New methods are added to the System.IO.File class in .NET framework 4.0 for reading and writing text files.
In earlier version we have used File.ReadAllLines method which returns a string array of all lines in the file.
String lines = File.ReadAllLines(“file.txt”);
The issue is it must read all lines and allocate an array to return. For small files its ok but large files it is problematic because it block until all the lines are loaded into the memory.
The new method ReadLines in .NET framework 4 returns IEnumerable<string> instead of string. The new method is much more efficient because it does not load all of the lines into memory at once;
IEnumerable<string> lines = File.ReadLines(“Largefile.txt”);
Foreach(var line in lines)
The iteration actually driving the reading of the file.
The other two new methods are File.WriteAllLines that takes an IEnumerable<string>
Parameter and File.ApendAllLines that takes an IEnumerable<string> for appending lines to a file.
In earlier version we have used GetFiles() method on directoryinfo object to get all files in the directory.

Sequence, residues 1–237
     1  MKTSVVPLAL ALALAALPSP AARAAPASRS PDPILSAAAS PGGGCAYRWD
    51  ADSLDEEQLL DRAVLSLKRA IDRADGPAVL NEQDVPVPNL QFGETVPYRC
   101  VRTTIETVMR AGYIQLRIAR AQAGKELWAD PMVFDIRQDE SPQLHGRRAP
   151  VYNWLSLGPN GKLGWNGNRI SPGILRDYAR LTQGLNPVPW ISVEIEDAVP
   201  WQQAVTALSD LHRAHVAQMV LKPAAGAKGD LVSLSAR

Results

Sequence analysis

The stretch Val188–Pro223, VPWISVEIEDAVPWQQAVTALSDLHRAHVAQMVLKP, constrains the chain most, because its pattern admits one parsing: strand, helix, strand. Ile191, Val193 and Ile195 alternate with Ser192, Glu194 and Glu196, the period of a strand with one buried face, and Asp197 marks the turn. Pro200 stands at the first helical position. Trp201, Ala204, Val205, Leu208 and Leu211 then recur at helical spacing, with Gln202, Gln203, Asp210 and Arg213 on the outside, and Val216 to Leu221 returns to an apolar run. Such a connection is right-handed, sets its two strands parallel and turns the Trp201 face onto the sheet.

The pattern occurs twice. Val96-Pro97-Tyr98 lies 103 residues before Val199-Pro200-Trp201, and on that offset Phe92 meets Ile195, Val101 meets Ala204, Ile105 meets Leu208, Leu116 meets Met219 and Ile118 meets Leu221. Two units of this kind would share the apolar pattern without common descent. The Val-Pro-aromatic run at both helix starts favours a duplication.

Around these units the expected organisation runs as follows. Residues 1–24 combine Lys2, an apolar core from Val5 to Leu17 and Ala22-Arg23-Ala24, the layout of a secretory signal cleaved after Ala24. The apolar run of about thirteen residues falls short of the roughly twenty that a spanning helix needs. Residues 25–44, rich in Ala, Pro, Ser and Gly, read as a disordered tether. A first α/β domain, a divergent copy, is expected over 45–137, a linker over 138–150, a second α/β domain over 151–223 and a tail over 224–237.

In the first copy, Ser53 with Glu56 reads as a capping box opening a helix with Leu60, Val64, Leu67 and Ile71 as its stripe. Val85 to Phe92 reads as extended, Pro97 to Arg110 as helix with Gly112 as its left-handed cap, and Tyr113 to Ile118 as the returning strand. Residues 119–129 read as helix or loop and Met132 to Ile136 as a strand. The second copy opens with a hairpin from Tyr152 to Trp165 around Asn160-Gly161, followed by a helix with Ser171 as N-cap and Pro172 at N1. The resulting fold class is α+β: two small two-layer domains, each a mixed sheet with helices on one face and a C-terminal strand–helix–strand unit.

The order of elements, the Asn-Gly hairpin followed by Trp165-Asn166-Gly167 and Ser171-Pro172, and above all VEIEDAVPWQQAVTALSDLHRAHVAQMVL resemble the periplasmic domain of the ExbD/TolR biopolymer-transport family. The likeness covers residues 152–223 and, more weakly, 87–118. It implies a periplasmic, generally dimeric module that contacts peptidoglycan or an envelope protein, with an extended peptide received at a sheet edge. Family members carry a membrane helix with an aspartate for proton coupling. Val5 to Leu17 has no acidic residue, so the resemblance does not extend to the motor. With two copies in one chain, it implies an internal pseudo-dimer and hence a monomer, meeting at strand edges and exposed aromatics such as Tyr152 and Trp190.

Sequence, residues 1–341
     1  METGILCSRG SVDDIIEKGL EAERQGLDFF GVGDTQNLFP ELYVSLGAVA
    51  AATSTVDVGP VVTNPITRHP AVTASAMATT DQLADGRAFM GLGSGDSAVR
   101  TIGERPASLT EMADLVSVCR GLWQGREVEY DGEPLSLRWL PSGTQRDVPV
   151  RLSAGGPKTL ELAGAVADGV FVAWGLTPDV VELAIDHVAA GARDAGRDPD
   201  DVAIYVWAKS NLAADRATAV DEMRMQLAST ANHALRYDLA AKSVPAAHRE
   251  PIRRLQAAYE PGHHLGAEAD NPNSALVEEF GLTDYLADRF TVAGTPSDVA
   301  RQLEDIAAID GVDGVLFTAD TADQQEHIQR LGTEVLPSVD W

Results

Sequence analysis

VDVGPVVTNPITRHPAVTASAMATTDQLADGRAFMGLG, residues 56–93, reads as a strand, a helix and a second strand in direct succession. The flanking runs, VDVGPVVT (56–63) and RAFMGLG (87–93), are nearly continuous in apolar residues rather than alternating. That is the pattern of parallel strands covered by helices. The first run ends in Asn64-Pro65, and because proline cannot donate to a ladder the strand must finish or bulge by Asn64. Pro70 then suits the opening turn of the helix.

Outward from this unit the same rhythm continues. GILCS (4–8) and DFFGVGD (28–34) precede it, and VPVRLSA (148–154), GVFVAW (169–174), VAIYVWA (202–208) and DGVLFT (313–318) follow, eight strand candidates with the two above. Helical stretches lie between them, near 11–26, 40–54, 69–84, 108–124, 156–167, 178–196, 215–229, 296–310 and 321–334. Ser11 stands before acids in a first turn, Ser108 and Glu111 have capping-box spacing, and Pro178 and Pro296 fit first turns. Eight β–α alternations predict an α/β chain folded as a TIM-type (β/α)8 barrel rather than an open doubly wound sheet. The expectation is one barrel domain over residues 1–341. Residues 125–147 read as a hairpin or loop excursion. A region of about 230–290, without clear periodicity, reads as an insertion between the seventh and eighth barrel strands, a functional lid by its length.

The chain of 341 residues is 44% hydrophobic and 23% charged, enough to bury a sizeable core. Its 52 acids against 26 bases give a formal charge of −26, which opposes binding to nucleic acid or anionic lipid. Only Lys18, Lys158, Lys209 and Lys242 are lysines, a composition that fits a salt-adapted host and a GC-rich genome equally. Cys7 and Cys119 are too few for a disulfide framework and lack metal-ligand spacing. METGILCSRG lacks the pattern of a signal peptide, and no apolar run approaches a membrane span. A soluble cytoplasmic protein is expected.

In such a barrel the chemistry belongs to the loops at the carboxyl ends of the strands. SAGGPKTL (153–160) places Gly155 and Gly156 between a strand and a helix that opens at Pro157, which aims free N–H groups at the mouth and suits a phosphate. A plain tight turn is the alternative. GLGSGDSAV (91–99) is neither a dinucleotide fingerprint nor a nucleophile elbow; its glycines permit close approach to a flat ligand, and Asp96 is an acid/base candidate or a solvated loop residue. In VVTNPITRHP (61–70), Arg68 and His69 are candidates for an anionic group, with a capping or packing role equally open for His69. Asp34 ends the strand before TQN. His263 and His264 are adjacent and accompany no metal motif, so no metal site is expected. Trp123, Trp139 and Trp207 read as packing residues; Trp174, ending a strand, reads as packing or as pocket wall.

DirectoryInfo directory = new DirectoryInfo(@“LargeDirectory”);
FileInfo files = directory.GetFiles();
The issue is it must retrieve the complete list of files in the directory and then allocate an array to return. Here we have to wait all files to be retrieved.
The second issue is whenever we call the properties on retrieved file it takes an additional call to the file which hinders the performance.
In .NET 4, new method has added to Directory and DirectoryInfo that returns IEnumerable<T> instead of arrays to address the above issues.
DirectoryInfo directory = new DirectoryInfo(@“LargeDirectory”); IEnumerable<FileInfo> files = directory.EnumerateFiles();
Unlike GetFiles, EnumerateFiles does not have to block until all of the files are retrieved. Now the DirectoryInfo object containing the file system during enumeration which include data about each file such as length and creation time.
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